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November 3, 2022 | Blog

Make it OK to Not Be OK in the Workplace

By Jacob Christenson, PhD, LMFT – Covenant Family Solutions

distressed man sitting in a park

May is Mental Health Awareness Month and it is important to remember that mental health issues exist in every person and every environment, including our employees and their workspaces. When you “clock in” to work for the day, it’s not like mental illness magically takes a break. Almost 50% of the people in the United States will experience a mental illness in their lifetime — that includes employees at organizations of all sizes and across all industries.

What happens when mental health is ignored?

When mental health needs are ignored in a workplace, it equates to loss of productivity because of presenteeism (at work, but unproductive) or absenteeism. Stress also has physical consequences that can easily turn into recurrent sick days and hospital stays when left untreated. Ignoring these needs can negatively impact a business’s ability to recruit top talent.

When a workplace has a trend of poor mental health, it leads to higher turnover rates. This puts stress on remaining employees who are now taking on extra responsibilities. In addition, those who leave act like a dark cloud over the company’s reputation. From an external perspective, top talent searching for opportunities may opt for a company with a better mental health reputation. If you choose to not focus on the mental health of your organization, chances are you will not be the “better” option for individuals looking to take the next step in their careers.

Is the workplace the cause or trigger of mental illness?

It’s important to recognize all the factors that can drive down an organization’s mental health. For example, workloads that do not align with the resources available. This can be too much or too little work. Regularly assessing the amount of work on each employee’s plate to ensure it is appropriate can make a huge difference.

Pay attention to what tasks employees have on their plates as well. If someone has monotonous or unpleasant tasks when they are able and willing to help in other areas, they will feel undervalued as an employee.

Other contributors to mental illness at work include conflicts within a role or between two employees, lack of work/life balance, undesirable working conditions, lack of recognition, and lack of positive work relationships. All these factors can be easily ignored, so employers must make a conscious effort to stay aware of the wellness culture in the office.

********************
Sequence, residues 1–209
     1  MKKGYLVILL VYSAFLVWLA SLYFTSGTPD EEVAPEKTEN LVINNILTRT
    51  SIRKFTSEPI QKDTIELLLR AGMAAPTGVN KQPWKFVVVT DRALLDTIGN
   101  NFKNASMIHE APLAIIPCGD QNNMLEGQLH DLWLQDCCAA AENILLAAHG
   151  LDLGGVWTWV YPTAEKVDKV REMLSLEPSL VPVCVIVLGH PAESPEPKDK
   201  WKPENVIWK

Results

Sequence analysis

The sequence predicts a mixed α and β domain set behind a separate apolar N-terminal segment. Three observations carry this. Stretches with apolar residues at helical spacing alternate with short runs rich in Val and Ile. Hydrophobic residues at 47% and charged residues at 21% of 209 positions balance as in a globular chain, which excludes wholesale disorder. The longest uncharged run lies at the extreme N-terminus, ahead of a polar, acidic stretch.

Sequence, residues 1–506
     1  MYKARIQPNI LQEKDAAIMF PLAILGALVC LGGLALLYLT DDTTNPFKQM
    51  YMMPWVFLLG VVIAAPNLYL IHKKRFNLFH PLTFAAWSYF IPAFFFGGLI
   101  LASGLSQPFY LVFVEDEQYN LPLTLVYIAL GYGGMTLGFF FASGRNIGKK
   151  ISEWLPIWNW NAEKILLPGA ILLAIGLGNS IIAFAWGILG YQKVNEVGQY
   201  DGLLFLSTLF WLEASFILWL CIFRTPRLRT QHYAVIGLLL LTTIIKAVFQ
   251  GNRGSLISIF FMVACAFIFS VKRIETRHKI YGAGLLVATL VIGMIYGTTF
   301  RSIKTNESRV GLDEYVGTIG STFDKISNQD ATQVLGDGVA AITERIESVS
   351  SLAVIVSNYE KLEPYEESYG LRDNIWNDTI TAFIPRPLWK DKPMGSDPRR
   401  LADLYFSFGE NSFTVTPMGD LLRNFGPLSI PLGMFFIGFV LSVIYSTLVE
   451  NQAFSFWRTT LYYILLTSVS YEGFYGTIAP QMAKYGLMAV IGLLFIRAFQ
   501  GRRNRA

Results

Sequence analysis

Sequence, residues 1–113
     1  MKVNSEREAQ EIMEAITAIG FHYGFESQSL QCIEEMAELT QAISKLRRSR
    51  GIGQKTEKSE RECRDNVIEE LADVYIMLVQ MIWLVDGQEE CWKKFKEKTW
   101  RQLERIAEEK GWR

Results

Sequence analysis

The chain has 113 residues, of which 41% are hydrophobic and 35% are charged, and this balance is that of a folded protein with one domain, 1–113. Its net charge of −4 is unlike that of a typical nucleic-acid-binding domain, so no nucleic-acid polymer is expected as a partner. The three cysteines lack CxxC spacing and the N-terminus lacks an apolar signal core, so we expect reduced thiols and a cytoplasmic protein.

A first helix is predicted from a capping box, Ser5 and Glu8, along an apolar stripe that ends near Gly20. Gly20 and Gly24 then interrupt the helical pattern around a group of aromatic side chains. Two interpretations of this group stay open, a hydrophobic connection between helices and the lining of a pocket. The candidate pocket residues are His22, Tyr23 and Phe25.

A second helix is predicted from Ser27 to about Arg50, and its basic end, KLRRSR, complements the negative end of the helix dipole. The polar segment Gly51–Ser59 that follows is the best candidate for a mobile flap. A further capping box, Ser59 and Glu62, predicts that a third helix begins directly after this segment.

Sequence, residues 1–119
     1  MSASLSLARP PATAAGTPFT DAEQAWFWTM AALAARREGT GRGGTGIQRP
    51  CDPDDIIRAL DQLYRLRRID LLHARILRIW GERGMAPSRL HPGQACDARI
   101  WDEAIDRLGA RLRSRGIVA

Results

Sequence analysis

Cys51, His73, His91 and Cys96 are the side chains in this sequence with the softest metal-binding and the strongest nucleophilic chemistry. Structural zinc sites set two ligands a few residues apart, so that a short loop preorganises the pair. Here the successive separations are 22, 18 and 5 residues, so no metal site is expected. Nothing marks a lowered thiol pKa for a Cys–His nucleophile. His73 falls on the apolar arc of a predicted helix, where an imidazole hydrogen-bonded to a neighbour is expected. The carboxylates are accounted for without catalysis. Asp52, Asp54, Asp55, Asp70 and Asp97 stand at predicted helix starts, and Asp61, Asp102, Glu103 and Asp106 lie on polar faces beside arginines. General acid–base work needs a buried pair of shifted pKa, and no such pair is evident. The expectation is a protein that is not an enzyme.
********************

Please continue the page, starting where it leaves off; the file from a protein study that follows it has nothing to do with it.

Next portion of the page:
How can employers be proactive?

Start by making it OK to not be OK in the workplace. The Iowa’s Healthiest State Initiative is leading the Make it OK campaign for the state. At, Iowa employers can register to become a Make It OK workplace. Efforts to #StopTheStigma around mental illness are step one in ensuring employees feel safe to speak up when they are feeling overwhelmed, stressed or upset.

Employers should be proactive instead of reactive. This means eliminating those areas of concern that contribute to poor mental health instead of waiting for burnout and turnover to happen. For example, implementing better communication practices can make a huge difference. This initiative starts with leadership and trickles down through the company’s organizational chart. Not to be cliché, but leadership should be leading by example.

Open communication is important in a workplace. It contributes to a feeling of belonging, value, and gives employees opportunities to have some control over their own situation. Supervisors should create and maintain a safe and secure way for their direct employees to bring concerns to them. These discussions will help issues to surface and allow for positive changes to take place. Changes that will affect employees should be presented to them so that they are aware and up to speed. Nobody appreciates being the last to know.

Take the first step

If these needs have been overlooked for quite some time, then it may feel overwhelming to try to sort them out. You might be wondering where to start and how to start. The easiest first step is to take an honest look at the current state of mental wellness within your organization. Reach out for help from an independent party if needed. From there, the opportunities for growth are endless.

This article originally appeared in the Corridor Business Journal.